The eigen energies are slowing changing with the position of neutrinos,

$\begin{split}E_1 & = -\frac{\omega}{2}\sqrt{\hat\Delta^2 + 1 - 2 \hat\Delta \cos 2\theta_v} \\ E_2 & = \frac{\omega}{2}\sqrt{\hat\Delta^2 + 1 - 2 \hat\Delta \cos 2\theta_v}.\end{split}$

When the term $$\hat\Delta$$ is very small $$1-2\hat\Delta\cos 2\theta_v$$ will dominate and the whole term decreases. On the other hand as $$\hat\Delta$$ becomes large, $$\hat\Delta^2$$ will dominate and the whole term grows. Mathematically we could find the region when the part $$\sqrt{\hat\Delta^2 + 1 - 2 \hat\Delta \cos 2\theta_v}$$ decreases and increases.

Fig. 5.25 Energy Levels for MSW effect. We have the up-down symmetry since we shifted the energy by a constant to remove the identity matrix in the Hamiltonian.

The survival probability for the light neutrinos would be

$P_x(\nu_L,L) = 1 - \sin^2(2\theta (x))\sin^2\left( \frac{\omega L}{2} \right) .$

The survival probability for electron flavor neutrino is

$P_x(\nu_e,L) = \frac{1}{2} + \frac{1}{2}\cos 2\theta(x_0) \cos 2\theta_v,$

if the neutrinos are produced in dense region and the detection happens in vacuum.

Adiabatic Limit of Nuetrino Oscillations in Matter

Before we move on to higher order corrections, it would be nice to understand this phenomenon.

1. The vacuum oscillation length can be extracted from vacuum oscillation survival probability. It is $$L_v = \frac{2\pi}{\omega}$$.
2. In this problem we have another energy scale which is the interaction, $$\Delta$$. Here we can define another characteristic length $$l_m = \frac{2\pi}{\Delta}$$.
3. MSW resonance happens when the two character lengths are matching with each other. Another way to put it is that the term $$\sin 2\theta(x)$$ is minimized so that we have the smallest energy gap which leads to $$\hat\Delta = \cos 2\theta_v$$. Equivalently this is the relation
$l_0 = l_m\cos 2\theta_v.$
1. At resonance, we have

$\begin{split}\cos 2\theta(x) &= 1 \\ \sin 2\theta(x) &= 0.\end{split}$

This is max mixing of the states which means that at the resonance point

$\begin{split}\begin{pmatrix} \nu_L(x_{r}) \\ \nu_H(x_{r}) \end{pmatrix} = \frac{\sqrt{2}}{2}\begin{pmatrix} 1 & -1 \\ 1 & 1 \end{pmatrix} \begin{pmatrix}\nu_e \\ \nu_x \end{pmatrix}\end{split}$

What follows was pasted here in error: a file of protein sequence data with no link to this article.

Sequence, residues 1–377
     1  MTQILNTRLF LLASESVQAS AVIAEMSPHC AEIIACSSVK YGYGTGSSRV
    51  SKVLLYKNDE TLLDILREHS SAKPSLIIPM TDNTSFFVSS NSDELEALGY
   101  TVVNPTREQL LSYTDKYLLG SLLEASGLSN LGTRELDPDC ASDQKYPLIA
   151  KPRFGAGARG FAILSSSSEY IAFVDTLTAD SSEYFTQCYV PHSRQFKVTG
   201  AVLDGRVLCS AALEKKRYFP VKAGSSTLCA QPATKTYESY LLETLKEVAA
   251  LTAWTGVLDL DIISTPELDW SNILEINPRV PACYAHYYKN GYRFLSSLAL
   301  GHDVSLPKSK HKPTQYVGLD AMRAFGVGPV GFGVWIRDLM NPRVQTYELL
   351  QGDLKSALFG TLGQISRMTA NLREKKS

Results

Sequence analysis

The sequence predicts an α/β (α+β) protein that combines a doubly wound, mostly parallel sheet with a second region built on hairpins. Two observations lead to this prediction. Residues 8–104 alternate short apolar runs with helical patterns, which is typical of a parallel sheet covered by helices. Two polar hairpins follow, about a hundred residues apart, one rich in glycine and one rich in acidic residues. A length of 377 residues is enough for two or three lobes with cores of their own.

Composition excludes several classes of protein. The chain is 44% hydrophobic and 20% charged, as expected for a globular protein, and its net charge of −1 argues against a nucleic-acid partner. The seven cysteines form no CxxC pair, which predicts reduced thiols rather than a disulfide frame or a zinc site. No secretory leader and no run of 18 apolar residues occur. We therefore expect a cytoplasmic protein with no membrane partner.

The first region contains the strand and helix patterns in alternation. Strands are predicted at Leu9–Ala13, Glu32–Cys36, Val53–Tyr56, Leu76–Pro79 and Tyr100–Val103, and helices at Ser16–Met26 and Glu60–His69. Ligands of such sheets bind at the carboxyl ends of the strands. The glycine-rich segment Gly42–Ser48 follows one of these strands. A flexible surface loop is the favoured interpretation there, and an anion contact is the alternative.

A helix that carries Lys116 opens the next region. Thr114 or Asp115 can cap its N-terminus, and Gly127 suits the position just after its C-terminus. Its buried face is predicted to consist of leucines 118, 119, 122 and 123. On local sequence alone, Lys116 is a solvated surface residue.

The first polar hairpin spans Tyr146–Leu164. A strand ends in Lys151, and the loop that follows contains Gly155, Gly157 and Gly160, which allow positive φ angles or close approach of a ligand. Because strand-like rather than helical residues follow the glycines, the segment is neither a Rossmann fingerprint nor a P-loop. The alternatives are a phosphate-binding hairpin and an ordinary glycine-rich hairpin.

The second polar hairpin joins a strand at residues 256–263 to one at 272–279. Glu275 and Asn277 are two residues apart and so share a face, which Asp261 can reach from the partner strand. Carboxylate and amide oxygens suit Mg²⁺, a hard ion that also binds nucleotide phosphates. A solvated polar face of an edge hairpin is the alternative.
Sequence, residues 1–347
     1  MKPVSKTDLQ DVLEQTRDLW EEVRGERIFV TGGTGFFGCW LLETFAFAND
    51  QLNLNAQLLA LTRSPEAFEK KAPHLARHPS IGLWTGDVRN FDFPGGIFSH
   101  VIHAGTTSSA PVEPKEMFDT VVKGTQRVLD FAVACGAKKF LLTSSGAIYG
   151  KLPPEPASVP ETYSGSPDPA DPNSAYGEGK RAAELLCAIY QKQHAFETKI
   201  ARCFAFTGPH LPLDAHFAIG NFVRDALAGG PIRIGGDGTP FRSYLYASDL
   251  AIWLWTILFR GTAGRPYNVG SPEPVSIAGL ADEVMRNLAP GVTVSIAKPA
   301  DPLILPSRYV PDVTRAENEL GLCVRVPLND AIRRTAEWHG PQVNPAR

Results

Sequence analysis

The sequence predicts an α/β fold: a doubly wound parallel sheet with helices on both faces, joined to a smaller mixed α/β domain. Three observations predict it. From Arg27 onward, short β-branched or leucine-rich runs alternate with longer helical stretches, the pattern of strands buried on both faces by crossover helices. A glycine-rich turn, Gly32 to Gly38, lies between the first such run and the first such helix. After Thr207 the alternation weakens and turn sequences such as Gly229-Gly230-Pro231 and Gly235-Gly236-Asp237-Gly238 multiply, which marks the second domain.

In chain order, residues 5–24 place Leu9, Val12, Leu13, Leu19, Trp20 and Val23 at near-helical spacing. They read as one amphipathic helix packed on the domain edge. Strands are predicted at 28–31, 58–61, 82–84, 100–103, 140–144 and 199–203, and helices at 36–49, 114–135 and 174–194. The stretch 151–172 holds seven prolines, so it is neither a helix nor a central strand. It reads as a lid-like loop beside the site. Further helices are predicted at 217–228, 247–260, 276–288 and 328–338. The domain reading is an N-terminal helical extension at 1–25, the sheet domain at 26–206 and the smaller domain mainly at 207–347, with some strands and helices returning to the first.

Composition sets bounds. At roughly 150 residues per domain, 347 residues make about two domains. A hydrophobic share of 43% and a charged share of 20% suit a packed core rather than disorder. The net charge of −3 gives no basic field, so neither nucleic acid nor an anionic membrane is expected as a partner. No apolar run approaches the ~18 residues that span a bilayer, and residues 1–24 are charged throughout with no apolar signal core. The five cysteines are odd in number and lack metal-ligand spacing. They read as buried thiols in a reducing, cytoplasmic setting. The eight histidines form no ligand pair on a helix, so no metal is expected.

2. Resonance conditions corresponds to a resonance density which is given by

$n_e(x) = \frac{\omega}{\sqrt{2}G_F } \cos 2\theta_v \equiv n_0(E,\Delta m^2) \cos 2\theta_v,$

where $$n_0(E,\Delta m^2)=\frac{\omega}{\sqrt{2}G_F }$$ is a characteristic number density which depends on the energy mixing angles and $$\Delta m^2$$ of the neutrinos.

3. One should notice that if the condition $$\sin^2 2\theta(x) = \sin^2 2\theta_v$$ is satisfied, the survival probability for $$\ket{\nu_1}$$ has the same the form of vacuum oscillation survival probability for electron neutrinos. The condition is solved,

$\hat\Delta^2 + 1 - 2\hat\Delta \cos 2\theta_v = 1,$

$\hat\Delta = 0 \quad\text{or}\quad 2\cos 2\theta_v .$

The first condition is trivial which corresponds to vacuum however the second condition $$\Delta = 2\cos 2\theta_v \omega$$ means the interaction oscillation length is doubled compared to resonance point.

Nevertheless, we should always remember to check what survival probability the expression is describing. Here we have survival probability for $$\nu_L(x)$$. At $$n(x)\to 0$$ the oscillation becomes vacuum oscillation.

In The Basis of Vacuum Energy Eigenstates

We could also using the basis of vacuum energy eigenstates, in which the vacuum part of the Hamiltonian is

$\begin{split}\mathbf{H_{vmv}} = \frac{1}{2} \begin{pmatrix} E_2 - E_1 & 0 \\ 0 & E_2 - E_1 \end{pmatrix} \equiv \frac{1}{2} \begin{pmatrix} \Delta E & 0 \\ 0 & \Delta E \end{pmatrix} .\end{split}$

The matter interaction in flavor basis is

$\begin{split}\begin{pmatrix} \Delta & 0 \\ 0 & 0 \end{pmatrix}.\end{split}$

It is more convinient to use the traceless potential

$\begin{split}\mathbf{V_{f}} = \frac{\Delta}{2}\begin{pmatrix} 1 & 0 \\ 0 & -1 \end{pmatrix}.\end{split}$

Transform it to vacuum energy eigenstate basis, we have

$\begin{split}\mathbf{V_{vm}} &= \mathbf{U^{-1}}\mathbf{V_{f}} \mathbf{U} \\ & = \Delta \begin{pmatrix} \cos 2\theta_v & \sin 2\theta_v \\ \sin 2\theta_v & - \cos 2\theta_v \end{pmatrix}.\end{split}$

The Hamiltonian in this problem becomes

$\begin{split}\mathbf{H_{vm}} = \begin{pmatrix} - \frac{\Delta m^2}{4E}+\cos 2\theta_v & \frac{\Delta}{2} \sin 2\theta_v \\ \frac{\Delta}{2} \sin 2\theta_v & \frac{\Delta m^2}{4E} - \frac{\Delta}{2} \cos 2\theta_v \end{pmatrix}.\end{split}$

## 5.2.4. General Discussion of Matter Effect¶

This part is a very general discussion of the matter effect [Parke1986].

To work in flavor basis, we use the subscript $${}_{mf}$$ to denote the flavor basis representation with mass effect. The equation of motion in flavor basis can be written down as

$i\partial_x \Psi_{mf}(x) = \mathbf{H_{mf}} \Psi_{mf}(x)$

where